Had things not changed, the chain at war with itself would have been ill-prepared for a public offering last summer.
Having moved out of Dunkin' headquarters, nonexecutive chairman Jon Luther now is able to use his free time to assist other quick service restaurant chains in their franchising activities, companies like Arby's. This year he is the chair of the International Franchise Association, a trade group of some 1,300 franchisors and their suppliers.
Where once there might have been hidden kickbacks to the franchisor, Dunkin' franchisees are now in charge. Franchisees negotiated their regional distribution centers to be a national franchisee cooperative that runs all supply chain activities, including purchasing. Unknown to the rest of the world, franchisees also collectively negotiated a much better franchise agreement as the franchisor prepared to become publicly traded.
Better motivated to put aside petty differences that can sometimes accompany competing small business owners and peers, Dunkin' Donuts Independent Franchisee Association members stretched into the political arena. They successfully lobbied for a Rhode Island bill to curb franchising abuse.The law was the first in years that regulated the franchise relationship among U.S. states. The association then introduced a similar fair franchising bill in Massachusetts, which has been used as a template by lawmakers in other states. They also reached out to other franchisee groups for help.
What's good for the goose is good for the gander. Franchisors have been known to cheat. Independent franchisee associations could easily follow Dunkin's Loss Prevention Department's lead and hire a gaggle of private detectives to spy on franchisor executives. Private Dicks could be instructed by advising attorneys on what real-world evidence to gather as proof of contract breaches so that franchisees can win lawsuits. These franchise SS troops could search corporate garbage cans for signs that the franchisor receives hidden kickbacks and misappropriates franchisee funds. Detectives could follow franchisor executives at night to find out if they are cheating on their spouse, living above their means, or engaging in drug habits. These executives could be confronted with photos and evidence of things that just look wrong. Franchisees could then imply that the franchisor employee's spouse, the company or the IRS will be informed — unless they give in to their demands. It's been done to franchisees, so why not use the same tactics on franchisors?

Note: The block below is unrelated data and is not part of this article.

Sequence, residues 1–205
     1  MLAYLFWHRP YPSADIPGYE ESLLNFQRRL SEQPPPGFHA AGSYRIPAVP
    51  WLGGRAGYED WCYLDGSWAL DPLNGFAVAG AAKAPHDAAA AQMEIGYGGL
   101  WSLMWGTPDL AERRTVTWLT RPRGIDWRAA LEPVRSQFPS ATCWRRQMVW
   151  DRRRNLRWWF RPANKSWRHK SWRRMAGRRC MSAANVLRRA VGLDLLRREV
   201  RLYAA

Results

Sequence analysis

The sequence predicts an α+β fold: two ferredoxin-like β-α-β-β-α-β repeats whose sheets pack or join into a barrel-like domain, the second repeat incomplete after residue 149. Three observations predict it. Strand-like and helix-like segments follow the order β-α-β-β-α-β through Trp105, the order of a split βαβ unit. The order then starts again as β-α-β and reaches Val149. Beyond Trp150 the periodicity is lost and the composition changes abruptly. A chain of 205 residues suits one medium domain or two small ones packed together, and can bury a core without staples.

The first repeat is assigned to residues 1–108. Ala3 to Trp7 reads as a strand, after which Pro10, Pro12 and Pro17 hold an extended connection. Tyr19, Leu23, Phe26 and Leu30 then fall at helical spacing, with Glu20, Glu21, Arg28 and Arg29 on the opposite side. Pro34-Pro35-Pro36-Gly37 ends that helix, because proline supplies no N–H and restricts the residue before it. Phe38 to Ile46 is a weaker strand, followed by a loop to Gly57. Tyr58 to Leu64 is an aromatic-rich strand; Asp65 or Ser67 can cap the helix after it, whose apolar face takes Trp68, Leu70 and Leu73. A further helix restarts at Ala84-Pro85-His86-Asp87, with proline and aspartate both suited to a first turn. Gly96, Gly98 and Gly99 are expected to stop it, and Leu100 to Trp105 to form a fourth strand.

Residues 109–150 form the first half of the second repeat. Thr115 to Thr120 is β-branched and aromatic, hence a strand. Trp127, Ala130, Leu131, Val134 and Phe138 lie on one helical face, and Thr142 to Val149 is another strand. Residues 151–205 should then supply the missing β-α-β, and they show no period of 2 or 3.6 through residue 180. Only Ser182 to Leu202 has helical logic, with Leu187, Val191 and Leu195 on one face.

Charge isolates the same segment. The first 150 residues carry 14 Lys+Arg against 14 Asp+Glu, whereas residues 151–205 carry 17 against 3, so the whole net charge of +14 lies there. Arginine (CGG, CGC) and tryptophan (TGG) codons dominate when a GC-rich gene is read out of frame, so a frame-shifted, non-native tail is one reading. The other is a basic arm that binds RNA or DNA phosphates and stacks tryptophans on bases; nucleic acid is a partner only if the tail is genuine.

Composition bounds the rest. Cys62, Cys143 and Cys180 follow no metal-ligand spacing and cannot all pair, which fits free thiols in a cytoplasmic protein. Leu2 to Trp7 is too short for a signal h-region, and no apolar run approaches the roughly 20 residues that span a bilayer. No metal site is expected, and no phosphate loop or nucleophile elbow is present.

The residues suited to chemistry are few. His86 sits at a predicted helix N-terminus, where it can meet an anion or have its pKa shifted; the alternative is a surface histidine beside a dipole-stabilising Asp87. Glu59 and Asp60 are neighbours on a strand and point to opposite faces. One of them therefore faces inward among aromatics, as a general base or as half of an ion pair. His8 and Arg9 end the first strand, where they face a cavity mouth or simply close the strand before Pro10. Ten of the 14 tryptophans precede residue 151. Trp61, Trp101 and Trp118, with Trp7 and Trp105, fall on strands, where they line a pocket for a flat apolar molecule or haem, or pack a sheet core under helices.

Spying on a franchisee or on a franchisor may be good business for a private dick to tout, but for a franchise system it is caustic. Whether it is franchisor Rita's Ice, troubled Quiznos, or even franchisees thinking about hiring spies, like Dunkin' once did under CEO Jon Luther and his predecessors, the chain needs to understand that it has the potential of giving birth to the franchise equivalent of the Third Reich. The distrust and abuse that it spawns will be a living hell. Spying and the franchisor-franchisee war that will follow, places a brand at risk. The good news for franchisees that fight is that senior franchisor executives will likely be kicked out and the chain will see a powerful franchisee group in place representing franchisees' interests.
"Wiping away the old regime made a huge difference to our bottom line," observes a franchisee leader. "Those were among our least profitable years. The many bankruptcies that were published had their genesis in that regime. Nowadays (in a Dunkin' brand without spying), we do not have to spend resources and emotion battling the franchisor. Instead we focus on our business. It's taken off again."
Vice chairman of the Coalition of Franchisee Associations and Dunkin' franchisee Robert Branca recently made a similar point. At a panel of franchisors and multi-unit franchisees (pdf) in Las Vegas that Dunkin' CEO Nigel Travis attended, Branca declared to attendees: "When the franchisees succeed, so does the franchisor. The numbers don't lie."
The franchisee association and cooperative are now much more empowered at Dunkin' Brands, something that has also benefitted the franchisor. "A respectful and collaborative relationship has been more mutually lucrative for franchisees and franchisor Dunkin' Brands Inc.," summarizes a franchisee.